Surf Therapy Improves Physical Fitness of CP Children, Study Says

Surf Therapy Improves Physical Fitness of CP Children, Study Says

Surf therapy is a viable therapeutic option to improve physical fitness among children living with physical disabilities due to cerebral palsy, a study says.

The findings of the study, “Effectiveness of surf therapy for children with disabilities,” were published in Disability and Health Journal.

Previous studies have shown that surfing can have several health benefits, ranging from improvements in heart and lung function to increased strength and physical fitness.

However, few studies have investigated the potential benefits of surfing for children with physical disabilities associated with certain neurodevelopmental disorders, including cerebral palsy (CP) and autism-spectrum disorders (ASDs).

Researchers from the University of Rhode Island set out to evaluate the effects of an eight-week surf therapy program on several parameters of physical fitness. The program was targeted to children with physical disabilities associated with ASDs, CP, Down syndrome, Dandy-Walker syndrome, and other neurodevelopmental disorders.

A group of children participating in an eight-week unstructured pool playgroup served as a reference for comparison with children participating in the surf therapy program. Statistical analyses were used to compare overall physical fitness between the two groups of children.

All physical fitness parameters that were analyzed before and after both interventions were selected from the Brockport Physical Fitness Test (BPFT).

A total of 71 children — 18 girls and 53 boys with a mean age of 12.6 years — participated in the eight-week surf therapy program. Meanwhile, 20 children — eight girls and 12 boys with a mean age of 11.1 years — participated in an unstructured aquatic playgroup program.

Results showed that children who completed the eight-week surf therapy program had significant improvements in core strength — including abdominal, back, and pelvic muscle strength — upper body strength, flexibility, and cardiorespiratory endurance.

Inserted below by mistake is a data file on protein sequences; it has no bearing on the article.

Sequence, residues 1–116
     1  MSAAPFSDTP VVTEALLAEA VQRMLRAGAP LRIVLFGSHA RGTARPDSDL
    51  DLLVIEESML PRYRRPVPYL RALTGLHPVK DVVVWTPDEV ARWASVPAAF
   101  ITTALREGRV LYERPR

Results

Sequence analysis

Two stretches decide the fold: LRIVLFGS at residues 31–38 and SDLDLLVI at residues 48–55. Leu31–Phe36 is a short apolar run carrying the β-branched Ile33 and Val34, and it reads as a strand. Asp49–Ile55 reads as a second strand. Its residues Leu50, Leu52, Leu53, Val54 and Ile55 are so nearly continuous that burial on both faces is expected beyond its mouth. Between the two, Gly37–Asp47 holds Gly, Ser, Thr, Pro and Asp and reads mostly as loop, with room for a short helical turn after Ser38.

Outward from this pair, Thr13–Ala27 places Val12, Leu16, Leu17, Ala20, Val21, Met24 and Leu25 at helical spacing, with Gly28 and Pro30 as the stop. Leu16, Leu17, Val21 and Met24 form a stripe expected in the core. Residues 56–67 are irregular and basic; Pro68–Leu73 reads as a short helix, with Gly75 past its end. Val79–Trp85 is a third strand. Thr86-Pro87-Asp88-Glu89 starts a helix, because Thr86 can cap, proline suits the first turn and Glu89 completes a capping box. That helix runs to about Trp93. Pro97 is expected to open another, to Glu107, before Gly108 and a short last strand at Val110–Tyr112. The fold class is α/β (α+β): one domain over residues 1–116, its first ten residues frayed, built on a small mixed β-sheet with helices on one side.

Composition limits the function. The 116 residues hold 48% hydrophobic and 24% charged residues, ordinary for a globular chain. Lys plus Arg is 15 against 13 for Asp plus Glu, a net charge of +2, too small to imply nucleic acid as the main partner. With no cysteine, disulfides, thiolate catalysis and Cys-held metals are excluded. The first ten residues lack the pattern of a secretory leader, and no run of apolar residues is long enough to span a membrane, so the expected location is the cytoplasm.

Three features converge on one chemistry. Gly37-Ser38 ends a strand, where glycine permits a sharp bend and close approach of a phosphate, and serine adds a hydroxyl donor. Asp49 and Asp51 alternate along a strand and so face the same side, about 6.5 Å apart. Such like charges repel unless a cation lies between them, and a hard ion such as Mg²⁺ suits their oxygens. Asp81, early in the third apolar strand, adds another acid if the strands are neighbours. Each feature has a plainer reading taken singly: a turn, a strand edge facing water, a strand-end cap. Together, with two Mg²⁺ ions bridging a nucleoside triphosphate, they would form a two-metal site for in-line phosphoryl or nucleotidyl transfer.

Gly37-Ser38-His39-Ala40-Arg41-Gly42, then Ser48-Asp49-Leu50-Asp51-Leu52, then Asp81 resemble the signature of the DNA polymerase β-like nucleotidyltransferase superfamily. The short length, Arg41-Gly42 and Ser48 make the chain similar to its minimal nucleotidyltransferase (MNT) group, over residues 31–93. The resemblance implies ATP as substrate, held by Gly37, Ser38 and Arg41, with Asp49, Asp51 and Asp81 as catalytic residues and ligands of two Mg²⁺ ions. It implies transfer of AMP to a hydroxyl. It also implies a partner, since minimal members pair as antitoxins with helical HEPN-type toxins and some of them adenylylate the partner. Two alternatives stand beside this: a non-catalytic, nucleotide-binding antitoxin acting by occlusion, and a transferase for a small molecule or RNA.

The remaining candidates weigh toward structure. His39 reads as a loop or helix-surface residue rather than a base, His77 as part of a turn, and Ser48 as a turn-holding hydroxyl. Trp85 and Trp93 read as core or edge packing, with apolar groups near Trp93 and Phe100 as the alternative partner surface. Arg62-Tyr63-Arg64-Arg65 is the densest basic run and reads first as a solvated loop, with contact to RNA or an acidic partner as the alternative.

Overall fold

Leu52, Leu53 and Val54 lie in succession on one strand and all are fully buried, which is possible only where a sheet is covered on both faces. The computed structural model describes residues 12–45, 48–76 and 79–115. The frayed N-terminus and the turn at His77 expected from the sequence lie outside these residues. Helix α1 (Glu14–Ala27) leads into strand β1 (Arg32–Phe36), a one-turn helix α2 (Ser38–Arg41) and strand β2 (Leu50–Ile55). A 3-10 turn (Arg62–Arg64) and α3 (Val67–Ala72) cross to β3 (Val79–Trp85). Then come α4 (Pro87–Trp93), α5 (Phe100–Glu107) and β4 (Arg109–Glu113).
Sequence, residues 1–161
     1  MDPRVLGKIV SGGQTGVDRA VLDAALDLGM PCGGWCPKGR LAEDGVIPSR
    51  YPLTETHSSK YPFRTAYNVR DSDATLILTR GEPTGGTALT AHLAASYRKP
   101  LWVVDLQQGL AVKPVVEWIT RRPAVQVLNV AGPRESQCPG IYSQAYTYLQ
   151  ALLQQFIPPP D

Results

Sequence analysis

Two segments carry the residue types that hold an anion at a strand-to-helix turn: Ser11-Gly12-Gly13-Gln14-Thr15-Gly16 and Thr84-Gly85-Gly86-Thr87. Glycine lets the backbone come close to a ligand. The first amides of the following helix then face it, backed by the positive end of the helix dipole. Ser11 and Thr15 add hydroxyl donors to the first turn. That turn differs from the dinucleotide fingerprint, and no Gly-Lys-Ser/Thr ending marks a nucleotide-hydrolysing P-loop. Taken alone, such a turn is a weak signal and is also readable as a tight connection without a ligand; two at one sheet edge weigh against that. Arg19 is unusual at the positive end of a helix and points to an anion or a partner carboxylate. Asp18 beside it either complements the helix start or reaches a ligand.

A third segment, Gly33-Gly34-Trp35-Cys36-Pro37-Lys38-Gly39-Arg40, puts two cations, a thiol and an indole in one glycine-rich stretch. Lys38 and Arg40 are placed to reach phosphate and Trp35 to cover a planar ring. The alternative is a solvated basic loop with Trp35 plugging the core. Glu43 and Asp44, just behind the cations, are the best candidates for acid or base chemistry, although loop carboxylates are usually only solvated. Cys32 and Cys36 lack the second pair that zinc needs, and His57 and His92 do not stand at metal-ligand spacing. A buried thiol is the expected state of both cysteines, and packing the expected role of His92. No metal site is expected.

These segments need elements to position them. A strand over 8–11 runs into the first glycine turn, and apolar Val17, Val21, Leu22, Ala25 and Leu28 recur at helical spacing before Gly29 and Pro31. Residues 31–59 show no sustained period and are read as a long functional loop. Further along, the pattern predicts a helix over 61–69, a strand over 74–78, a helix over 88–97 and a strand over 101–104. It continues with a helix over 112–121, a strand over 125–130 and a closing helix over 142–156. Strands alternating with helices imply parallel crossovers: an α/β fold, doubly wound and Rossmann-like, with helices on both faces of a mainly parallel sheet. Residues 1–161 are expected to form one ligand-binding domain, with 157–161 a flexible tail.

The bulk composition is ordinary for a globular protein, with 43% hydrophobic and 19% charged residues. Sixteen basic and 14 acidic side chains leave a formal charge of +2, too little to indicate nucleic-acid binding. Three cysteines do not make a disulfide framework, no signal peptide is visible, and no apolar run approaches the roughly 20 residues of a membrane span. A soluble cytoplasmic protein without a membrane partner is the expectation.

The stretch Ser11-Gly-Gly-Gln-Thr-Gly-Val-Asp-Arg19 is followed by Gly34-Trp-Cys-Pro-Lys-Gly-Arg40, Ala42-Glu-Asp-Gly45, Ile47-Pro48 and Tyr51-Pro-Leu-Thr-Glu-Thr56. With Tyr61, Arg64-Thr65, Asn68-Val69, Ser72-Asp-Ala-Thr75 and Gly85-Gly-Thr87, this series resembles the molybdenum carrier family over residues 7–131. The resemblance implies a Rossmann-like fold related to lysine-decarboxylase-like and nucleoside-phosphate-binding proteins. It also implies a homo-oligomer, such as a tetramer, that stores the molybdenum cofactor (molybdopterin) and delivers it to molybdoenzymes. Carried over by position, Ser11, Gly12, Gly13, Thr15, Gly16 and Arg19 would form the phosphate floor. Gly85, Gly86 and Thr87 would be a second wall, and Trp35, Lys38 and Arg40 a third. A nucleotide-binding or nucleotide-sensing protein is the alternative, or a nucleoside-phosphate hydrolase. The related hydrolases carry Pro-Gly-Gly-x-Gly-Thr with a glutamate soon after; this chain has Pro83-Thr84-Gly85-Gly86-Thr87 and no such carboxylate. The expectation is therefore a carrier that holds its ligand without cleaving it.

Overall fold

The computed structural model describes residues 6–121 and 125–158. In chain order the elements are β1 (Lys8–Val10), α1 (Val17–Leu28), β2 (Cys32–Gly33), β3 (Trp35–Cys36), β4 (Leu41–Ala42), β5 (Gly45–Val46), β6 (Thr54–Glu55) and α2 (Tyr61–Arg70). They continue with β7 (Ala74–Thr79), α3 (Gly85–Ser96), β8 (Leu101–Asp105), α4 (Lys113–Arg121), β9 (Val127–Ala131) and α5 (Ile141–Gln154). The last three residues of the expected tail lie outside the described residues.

After the program, these children also had a significant reduction in the total amount of body fat and fat free mass, together with a significant increase in bone mineral density. Bone mineral density is a measure of bone density. Lower bone mineral density is associated with higher bone fragility and greater propensity to fractures.

Children who completed the eight-week unstructured aquatic playgroup program also had significant improvements in all parameters analyzed. Statistical analyses found no significant differences in overall physical fitness nor in any of the individual fitness parameters analyzed between the two groups of children.

“Our analyses indicate that both the surfing group and the unstructured pool-play group made significant improvements in physical fitness after an eight-week program,” the researchers said.

Nevertheless, according to the investigators, this study demonstrated “that a surfing intervention is feasible, as well as beneficial to the physical fitness of children with disabilities.”

“Based on the fitness testing and feedback from participants and parents, it appears that a surfing intervention can be effective in improving the lives of children with disabilities. We had no untoward events occur and therefore health and physical education departments might consider incorporating surfing into their curriculum as a way to provide variety,” they concluded.